4. boomerontario Says:

    Terrific post, fabulous photos. I especially love your narrative, and wish I’d had some of it in my head when I did my own visit there. Incredible place. Thank you for a great read.

  5. ruthincolorado Says:

    Beautiful photos, Victor. I love this castle and have visited many times. When I was a child, I would beg my parents to take me there! Thanks for this post.

  6. wordsfromanneli Says:

    I don’t know how many times I said, “Wow!” as I read and looked at the photos. This was a beautiful post, Victor.

  7. mdphotographers Says:

    Just had to say thank you for sharing these amazing images. And while reading the blog and viewing these images I thought to myself magic kingdom looks a lot like this castle. The last paragraph explained why :-)

  8. Mjollnir Says:

    Of course I was aware of Neuschwanstein, but i didn’t know about Hohen Schwangau. Thanks for posting this Victor :-)

  9. solaner Says:

    I’m glad, you got much better weather for your trip. We had fog when we were there in October. We were not inside, ’cause I was inside back in 1978 for the first time. But I don’t have good photos.
    Do you also visit the Pöllat Klam?

  10. Lisa at fLVE Says:

    Beautiful castle and I like how you narrated the history. On my list to visit one day. :)

  11. geogypsy2u Says:

    Excellent story and photos of this majestic castle. A year ago I planned a cyber-masquerade ball and chose Neuschwanstein as the venue. Photos inside were impossible to find and now I know why. Growing up in awe of the Disney Castle I’ve added this my list of must sees. Thank you for sharing. Glad your young guide looked the other way.

  12. Says:

    the pictures are beautiful as always and the writing ability is exceptionally good.

  13. eharris29 Says:

    Thank you for your detailed information of German castles, Victor. I am leaving for a trip tomorrow and have once again found your blog particularly useful!

  14. Lyndi Alexander Says:

    Incredible photography! Bravo!

  15. Justin Says:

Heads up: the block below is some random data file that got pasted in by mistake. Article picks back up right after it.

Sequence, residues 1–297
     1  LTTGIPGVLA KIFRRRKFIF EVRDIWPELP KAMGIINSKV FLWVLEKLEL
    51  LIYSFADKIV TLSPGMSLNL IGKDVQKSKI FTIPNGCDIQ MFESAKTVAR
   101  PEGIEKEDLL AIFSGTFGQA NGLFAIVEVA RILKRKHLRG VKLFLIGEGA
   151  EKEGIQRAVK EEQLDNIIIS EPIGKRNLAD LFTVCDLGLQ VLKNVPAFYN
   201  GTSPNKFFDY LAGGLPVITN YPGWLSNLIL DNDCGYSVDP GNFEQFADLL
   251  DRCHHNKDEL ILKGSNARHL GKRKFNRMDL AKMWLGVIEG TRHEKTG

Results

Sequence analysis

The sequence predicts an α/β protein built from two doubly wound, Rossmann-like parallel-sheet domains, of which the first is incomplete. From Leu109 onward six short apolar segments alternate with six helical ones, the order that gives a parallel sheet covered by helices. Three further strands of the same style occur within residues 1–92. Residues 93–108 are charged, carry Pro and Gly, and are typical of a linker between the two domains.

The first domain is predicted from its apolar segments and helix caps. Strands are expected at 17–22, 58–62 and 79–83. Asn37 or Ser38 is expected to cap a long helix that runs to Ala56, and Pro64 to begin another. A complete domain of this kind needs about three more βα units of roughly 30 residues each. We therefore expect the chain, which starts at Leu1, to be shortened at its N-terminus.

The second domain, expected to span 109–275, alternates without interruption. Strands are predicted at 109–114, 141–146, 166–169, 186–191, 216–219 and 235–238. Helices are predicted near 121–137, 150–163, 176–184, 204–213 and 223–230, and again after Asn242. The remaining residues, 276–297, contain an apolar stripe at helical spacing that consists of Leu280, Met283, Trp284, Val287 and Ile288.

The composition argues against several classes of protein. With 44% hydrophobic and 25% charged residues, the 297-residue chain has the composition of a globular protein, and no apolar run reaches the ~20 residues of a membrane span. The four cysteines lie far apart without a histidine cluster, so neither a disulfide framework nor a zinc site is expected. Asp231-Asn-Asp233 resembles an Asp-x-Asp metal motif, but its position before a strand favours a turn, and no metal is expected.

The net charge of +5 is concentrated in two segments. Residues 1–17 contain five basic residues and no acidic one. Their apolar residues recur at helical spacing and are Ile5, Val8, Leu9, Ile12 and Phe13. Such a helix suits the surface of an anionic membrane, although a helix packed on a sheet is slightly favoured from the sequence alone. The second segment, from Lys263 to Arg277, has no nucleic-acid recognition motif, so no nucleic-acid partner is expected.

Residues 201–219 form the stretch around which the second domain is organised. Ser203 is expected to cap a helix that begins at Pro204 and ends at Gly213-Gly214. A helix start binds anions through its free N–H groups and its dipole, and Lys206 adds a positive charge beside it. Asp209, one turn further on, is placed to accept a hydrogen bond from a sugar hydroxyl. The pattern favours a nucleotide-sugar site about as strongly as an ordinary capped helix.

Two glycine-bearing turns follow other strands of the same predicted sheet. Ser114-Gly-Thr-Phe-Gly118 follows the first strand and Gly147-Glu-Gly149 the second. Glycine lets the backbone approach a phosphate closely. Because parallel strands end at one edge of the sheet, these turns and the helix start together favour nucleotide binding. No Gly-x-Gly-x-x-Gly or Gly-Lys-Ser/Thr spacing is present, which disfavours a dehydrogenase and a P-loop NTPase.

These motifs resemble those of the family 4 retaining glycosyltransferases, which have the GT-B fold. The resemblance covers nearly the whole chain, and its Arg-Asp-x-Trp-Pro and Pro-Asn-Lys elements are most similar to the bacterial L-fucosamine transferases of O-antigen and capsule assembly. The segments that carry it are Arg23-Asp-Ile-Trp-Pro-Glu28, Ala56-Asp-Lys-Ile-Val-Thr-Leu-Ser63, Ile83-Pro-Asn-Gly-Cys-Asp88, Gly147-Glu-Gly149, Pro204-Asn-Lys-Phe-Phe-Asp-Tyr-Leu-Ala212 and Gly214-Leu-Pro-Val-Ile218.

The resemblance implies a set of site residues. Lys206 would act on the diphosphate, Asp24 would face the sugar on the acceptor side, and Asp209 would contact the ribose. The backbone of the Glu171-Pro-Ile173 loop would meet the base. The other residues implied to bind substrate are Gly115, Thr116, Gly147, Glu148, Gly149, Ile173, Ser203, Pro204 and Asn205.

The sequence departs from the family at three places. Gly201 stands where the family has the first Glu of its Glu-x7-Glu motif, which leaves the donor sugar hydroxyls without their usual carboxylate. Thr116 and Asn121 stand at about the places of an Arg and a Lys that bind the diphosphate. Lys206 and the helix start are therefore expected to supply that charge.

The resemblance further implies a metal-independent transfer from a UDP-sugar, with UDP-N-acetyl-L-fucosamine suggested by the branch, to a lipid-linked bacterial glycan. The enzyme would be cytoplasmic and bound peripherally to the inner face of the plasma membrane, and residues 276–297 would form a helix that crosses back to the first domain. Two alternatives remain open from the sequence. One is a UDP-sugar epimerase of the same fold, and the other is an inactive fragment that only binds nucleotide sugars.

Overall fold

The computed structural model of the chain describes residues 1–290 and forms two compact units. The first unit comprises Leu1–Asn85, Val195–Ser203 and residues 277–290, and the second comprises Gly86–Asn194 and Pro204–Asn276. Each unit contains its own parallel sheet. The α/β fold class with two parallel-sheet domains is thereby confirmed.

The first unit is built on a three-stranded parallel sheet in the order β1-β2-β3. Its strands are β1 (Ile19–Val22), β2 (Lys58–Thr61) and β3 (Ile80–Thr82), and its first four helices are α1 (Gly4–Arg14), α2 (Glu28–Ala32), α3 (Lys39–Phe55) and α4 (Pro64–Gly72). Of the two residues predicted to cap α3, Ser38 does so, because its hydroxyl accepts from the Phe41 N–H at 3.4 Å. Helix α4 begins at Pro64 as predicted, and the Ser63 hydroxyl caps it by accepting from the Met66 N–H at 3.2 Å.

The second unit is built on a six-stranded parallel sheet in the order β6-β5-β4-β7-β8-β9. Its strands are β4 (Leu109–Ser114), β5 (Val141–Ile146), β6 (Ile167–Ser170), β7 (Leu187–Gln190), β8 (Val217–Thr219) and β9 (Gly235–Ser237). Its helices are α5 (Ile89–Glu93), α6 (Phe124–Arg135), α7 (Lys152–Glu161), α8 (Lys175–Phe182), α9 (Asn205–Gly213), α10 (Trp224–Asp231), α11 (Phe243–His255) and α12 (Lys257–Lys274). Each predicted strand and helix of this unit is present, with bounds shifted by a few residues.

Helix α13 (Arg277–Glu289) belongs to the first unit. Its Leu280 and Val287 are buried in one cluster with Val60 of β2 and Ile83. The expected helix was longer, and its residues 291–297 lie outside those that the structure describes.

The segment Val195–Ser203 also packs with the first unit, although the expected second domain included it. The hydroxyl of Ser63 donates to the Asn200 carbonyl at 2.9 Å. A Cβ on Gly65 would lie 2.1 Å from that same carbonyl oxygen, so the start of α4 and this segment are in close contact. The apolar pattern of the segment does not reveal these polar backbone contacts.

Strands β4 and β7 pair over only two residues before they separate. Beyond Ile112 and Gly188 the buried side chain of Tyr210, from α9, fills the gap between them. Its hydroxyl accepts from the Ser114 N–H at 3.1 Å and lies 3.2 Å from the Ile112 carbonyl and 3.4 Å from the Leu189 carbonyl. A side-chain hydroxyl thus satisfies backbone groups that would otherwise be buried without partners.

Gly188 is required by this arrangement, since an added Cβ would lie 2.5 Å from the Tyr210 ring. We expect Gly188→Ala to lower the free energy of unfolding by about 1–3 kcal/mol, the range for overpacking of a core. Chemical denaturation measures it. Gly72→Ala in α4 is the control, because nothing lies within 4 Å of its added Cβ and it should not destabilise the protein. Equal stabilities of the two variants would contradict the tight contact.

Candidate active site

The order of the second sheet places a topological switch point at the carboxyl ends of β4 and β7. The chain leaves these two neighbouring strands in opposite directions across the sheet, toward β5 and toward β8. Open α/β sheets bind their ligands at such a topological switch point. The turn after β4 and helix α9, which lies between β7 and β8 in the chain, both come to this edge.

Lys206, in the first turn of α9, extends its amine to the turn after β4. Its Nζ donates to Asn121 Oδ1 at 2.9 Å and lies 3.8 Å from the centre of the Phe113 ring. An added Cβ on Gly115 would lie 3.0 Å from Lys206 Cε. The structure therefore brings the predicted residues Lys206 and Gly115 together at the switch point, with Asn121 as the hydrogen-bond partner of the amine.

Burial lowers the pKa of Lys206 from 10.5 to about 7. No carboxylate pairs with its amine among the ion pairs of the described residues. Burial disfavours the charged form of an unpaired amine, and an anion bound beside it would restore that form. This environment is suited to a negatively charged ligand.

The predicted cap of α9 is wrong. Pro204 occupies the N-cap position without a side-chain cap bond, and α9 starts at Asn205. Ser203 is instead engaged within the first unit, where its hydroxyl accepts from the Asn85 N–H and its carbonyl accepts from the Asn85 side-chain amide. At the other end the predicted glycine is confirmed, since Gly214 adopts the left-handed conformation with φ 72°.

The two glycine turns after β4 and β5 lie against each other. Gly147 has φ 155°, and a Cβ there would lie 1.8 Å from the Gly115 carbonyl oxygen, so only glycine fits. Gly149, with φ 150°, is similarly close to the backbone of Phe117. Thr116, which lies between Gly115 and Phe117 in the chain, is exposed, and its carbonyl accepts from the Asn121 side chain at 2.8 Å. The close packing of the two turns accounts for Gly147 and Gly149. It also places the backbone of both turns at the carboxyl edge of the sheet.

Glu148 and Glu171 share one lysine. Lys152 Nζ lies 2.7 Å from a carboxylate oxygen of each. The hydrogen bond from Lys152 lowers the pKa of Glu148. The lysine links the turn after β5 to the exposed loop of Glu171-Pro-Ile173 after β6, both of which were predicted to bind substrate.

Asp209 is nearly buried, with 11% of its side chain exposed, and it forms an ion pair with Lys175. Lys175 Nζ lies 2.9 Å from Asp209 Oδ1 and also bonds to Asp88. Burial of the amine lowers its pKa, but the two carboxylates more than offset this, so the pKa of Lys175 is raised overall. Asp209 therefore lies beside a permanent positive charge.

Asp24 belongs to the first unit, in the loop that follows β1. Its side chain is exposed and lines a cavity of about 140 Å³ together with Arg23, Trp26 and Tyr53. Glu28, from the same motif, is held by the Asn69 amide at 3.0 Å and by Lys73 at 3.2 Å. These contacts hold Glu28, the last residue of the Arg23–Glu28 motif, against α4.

Stunning photos – thanks for sharing!

  16. charmsofagypsy Says:

    I visited the castle just last year and fell in love with it, the scenery, and the history behind it all! Your photos are very lovely, but then again–it’s difficult to take bad pictures of something so breathtaking! I enjoyed reading your commentary, seems like you had a great time. :) Best wishes to you and thanks so much for dropping by my blog!

  17. rose2852 Says:

    Brings back great memories!

  18. Glamourous Traveller Says:

    Wonderful background story for all of us who have yet to go

  19. petit4chocolatier Says:


  20. Kathi Says:

    Beautiful photography and a very thoughtful story! Neuschwanstein is one of my very favorite castles!! I’ll look forward to reading more of your posts.

  21. Leigh McAdam (@hikebiketravel) Says:

    I love the background you’ve provided about this castle – and Ludwig. What an interesting story and you’ve done a great job showcasing the castle with your photographs.

  22. Keri Duncan Valentine Says:

    These photos are stunning – I can’t wait to show these to my students, thank you!

  23. anniesshowroom Says:

    Beautiful pictures, Munich is one of my favourite place and especially the fair tale castle and growing up in that place no wonder King Ludwig was such a romantic at heart!!

  24. Frank Says:

    Amazing photos Victor! When we went I wasn’t actually very impressed so much by the castle, thought it is quite overrated. But like you I thought the geographic setting is spectacular. I absolutely love the photo titled “The view on the Alpsee and castle Hohenschwangau”. Magnificent.
    Headed here after seeing you’re following on twitter – thanks. I’ll make sure to check out other sections of your blog.
    Frank (bbqboy)

  25. Konig Ludwig Says:

    WoooW Neuschwanstein is the most beautiful castle in the world.
    Fantastic !